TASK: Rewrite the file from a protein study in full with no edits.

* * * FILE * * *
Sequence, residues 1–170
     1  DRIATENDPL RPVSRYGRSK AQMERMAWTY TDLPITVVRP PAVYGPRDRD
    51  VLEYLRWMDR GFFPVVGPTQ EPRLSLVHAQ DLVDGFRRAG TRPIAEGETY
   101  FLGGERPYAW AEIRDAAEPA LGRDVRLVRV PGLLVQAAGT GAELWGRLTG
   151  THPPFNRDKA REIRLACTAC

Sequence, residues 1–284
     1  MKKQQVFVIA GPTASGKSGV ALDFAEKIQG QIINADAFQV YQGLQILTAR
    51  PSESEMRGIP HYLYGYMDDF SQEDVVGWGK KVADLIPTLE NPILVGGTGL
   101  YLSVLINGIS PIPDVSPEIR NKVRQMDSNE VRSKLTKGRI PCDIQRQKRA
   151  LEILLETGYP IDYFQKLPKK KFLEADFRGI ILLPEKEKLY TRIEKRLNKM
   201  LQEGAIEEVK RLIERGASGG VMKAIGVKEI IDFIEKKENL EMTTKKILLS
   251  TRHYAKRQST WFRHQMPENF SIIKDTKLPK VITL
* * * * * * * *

Sequence, residues 1–170
     1  DRIATENDPL RPVSRYGRSK AQMERMAWTY TDLPITVVRP PAVYGPRDRD
    51  VLEYLRWMDR GFFPVVGPTQ EPRLSLVHAQ DLVDGFRRAG TRPIAEGETY
   101  FLGGERPYAW AEIRDAAEPA LGRDVRLVRV PGLLVQAAGT GAELWGRLTG
   151  THPPFNRDKA REIRLACTAC

Sequence, residues 1–284
     1  MKKQQVFVIA GPTASGKSGV ALDFAEKIQG QIINADAFQV YQGLQILTAR
    51  PSESEMRGIP HYLYGYMDDF SQEDVVGWGK KVADLIPTLE NPILVGGTGL
   101  YLSVLINGIS PIPDVSPEIR NKVRQMDSNE VRSKLTKGRI PCDIQRQKRA
   151  LEILLETGYP IDYFQKLPKK KFLEADFRGI ILLPEKEKLY TRIEKRLNKM
   201  LQEGAIEEVK RLIERGASGG VMKAIGVKEI IDFIEKKENL EMTTKKILLS
   251  TRHYAKRQST WFRHQMPENF SIIKDTKLPK VITL